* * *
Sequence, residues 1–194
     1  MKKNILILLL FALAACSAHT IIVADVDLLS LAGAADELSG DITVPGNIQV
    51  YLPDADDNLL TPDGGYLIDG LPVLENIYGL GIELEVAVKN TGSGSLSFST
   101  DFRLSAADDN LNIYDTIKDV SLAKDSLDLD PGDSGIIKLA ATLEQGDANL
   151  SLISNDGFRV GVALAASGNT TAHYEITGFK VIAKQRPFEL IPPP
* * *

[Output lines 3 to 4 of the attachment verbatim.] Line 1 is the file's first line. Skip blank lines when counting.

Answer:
    51  YLPDADDNLL TPDGGYLIDG LPVLENIYGL GIELEVAVKN TGSGSLSFST
   101  DFRLSAADDN LNIYDTIKDV SLAKDSLDLD PGDSGIIKLA ATLEQGDANL